performed by Doct. Adams, Practical Dentist, in the same rooms. G.
W. J. Hawes, who later moved his business to New Bedford, came to
Nantucket in May of 1846. Maxham & Gorham offered to "those
wishing likenesses of themselves or friends, can procure them, of
any shade or color desired" at 41 Orange Street in 1848.
sometimes difficult to see clearly, because the silver coating
acts like a mirror, resulting in a "negative" quality, unless you
view them straight on. Ambrotypes, another kind of cased image,
were created on glass and presented with black backing for
viewing. Ambrotypes do not have the same negative quality when
viewed, so they're easily distinguished from daguerreotypes. The
quality of the image in a daguerreotype is startlingly detailed.
Hair, jewelry, and backgrounds can be examined very closely,
unlike photographs made with today's processes. Because of the
nature of the process, light actually creates the image at a
molecular level. There is no "grain" to be seen as there is with
modern film. In practical terms, when you look at a daguerreotype
through a magnifying glass, the closer you look, the more you see.
For example, an image of a street scene may have a street sign a
full block away in the background. With magnification, one can
read the text on this sign (remembering that it's backwards).
If you have a
daguerreotype, the best way to preserve it is to keep it out of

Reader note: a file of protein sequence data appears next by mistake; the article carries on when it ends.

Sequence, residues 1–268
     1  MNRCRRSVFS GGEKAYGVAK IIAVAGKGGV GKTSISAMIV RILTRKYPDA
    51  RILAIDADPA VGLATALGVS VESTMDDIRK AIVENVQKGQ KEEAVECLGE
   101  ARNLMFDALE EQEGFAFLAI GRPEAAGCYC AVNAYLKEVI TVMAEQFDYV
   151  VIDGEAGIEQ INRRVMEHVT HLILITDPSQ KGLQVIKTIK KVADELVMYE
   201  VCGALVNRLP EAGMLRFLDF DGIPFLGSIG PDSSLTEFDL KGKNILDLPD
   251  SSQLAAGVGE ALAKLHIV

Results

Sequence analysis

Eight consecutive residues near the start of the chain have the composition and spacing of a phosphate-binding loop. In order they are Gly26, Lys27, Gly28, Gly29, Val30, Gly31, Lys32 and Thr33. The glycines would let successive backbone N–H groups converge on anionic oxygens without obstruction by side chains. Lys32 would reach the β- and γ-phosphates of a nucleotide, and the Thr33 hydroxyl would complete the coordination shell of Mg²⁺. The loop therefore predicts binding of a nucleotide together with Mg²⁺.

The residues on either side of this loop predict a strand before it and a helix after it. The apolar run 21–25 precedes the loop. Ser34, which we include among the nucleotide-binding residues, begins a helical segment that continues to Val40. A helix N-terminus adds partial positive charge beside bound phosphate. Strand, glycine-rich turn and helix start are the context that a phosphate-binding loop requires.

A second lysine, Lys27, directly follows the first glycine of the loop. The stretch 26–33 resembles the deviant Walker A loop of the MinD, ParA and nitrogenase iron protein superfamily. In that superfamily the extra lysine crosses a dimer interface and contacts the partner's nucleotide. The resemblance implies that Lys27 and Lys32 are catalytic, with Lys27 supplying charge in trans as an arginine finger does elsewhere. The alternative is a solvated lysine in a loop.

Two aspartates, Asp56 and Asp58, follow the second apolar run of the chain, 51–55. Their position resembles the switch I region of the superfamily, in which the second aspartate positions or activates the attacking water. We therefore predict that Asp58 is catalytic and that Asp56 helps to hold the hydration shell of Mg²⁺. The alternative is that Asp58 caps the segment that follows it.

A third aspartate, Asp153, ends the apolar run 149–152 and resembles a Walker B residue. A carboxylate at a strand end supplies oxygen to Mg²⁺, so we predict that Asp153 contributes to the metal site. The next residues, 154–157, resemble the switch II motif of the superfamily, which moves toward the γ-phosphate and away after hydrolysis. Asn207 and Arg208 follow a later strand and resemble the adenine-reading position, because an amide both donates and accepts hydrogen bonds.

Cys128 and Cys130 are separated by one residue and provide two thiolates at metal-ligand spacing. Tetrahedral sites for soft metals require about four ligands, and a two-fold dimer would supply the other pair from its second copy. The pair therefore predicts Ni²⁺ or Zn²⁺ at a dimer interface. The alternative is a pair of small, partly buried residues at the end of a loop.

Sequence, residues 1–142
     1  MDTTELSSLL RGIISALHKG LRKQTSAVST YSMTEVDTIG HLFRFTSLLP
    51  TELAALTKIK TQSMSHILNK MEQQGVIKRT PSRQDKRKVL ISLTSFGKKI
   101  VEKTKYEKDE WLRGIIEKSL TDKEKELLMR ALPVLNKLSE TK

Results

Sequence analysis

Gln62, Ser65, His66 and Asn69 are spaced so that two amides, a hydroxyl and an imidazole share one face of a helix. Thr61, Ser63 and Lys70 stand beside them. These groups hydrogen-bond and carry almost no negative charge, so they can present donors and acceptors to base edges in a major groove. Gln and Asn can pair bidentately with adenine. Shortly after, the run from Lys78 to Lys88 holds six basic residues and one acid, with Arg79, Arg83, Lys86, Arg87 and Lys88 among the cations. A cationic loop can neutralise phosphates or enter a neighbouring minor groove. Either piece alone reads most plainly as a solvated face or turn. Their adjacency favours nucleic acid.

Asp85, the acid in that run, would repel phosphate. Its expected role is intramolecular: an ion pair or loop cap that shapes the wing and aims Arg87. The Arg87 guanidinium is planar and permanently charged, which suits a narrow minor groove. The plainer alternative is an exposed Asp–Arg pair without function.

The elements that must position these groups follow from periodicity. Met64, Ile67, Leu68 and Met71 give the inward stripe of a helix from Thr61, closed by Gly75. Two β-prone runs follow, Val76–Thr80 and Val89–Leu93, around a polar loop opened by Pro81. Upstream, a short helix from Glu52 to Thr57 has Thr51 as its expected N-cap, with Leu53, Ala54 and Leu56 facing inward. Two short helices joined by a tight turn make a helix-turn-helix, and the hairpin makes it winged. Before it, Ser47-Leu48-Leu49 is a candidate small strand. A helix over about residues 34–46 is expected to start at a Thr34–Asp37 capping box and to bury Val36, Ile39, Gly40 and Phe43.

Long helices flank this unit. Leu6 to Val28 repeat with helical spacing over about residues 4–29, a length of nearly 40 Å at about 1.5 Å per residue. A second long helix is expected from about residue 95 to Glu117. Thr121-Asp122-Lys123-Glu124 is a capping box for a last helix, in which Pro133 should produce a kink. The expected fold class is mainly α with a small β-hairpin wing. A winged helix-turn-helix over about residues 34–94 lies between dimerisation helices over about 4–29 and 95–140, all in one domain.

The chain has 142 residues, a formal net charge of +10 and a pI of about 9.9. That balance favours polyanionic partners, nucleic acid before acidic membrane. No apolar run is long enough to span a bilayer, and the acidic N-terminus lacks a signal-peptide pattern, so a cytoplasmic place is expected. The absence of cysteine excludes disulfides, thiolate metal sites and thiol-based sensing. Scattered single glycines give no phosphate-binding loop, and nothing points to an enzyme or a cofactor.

light. Propping the case open on a shelf, as you would modern
photographs, causes daguerreotypes to fade quickly. You might
consider having a duplicate made, and displaying the duplicate
image. If the case of your daguerreotype has come apart, remember
that the surface of the image is extremely fragile, and can be
damaged with the touch of a finger - it will retain forever
fingerprints left on its surface. You might consider having it
professionally re-cased in the same case with new glass.
When I look at
daguerreotypes, I am always reminded how startling it must have
been to see a photograph when the process was first invented. The
detail of the image and the immediacy of delivery were entirely
new. Before the daguerreotype, people only had their likeness if
they could afford to commission a portrait to be painted. We're
fortunate that many Nantucketers cared to have their "likenesses"
captured, and lucky to have them here at the NHA, where we can
preserve and provide access to them
sailing on a clipper ship, the Nellie Chaplin with George Adams
one of the disciplines of the Zion movement
daughter of Gilbert and Hepsibah (Johnstone) Vale, was born in
Hastings, England, in 1817. She came with her father, mother and
other members of the family to New York in 1823, and married, in
that city, in 1842,
Smith, son of Foster Smith. Soon after her marriage she
came with her husband to Newburyport, and lived for some months in
the family of her father-in-law, on Smith's court, removing later
to a dwelling house on Essex street, where her husband had an of
fitted up for his use as a surgeon dentist. The children by this
marriage were Mayo Vale Smith, born June 25, 1844/ and Euphemia
Smith, born September 20, 1848.'
After the discovery of
gold in California, in 1849, Doctor Smith went to the Pacific
coast, and remained there seven years. During his absence Mrs.
Smith was busily engaged in literary work. She was a frequent
contributor to the New- buryport Herald, editor of the Saturday
Evening Union, and
author of a History of Newbury, published
in 1854. In 1857, she removed to New York, and was there granted a
decree of divorce from her husband.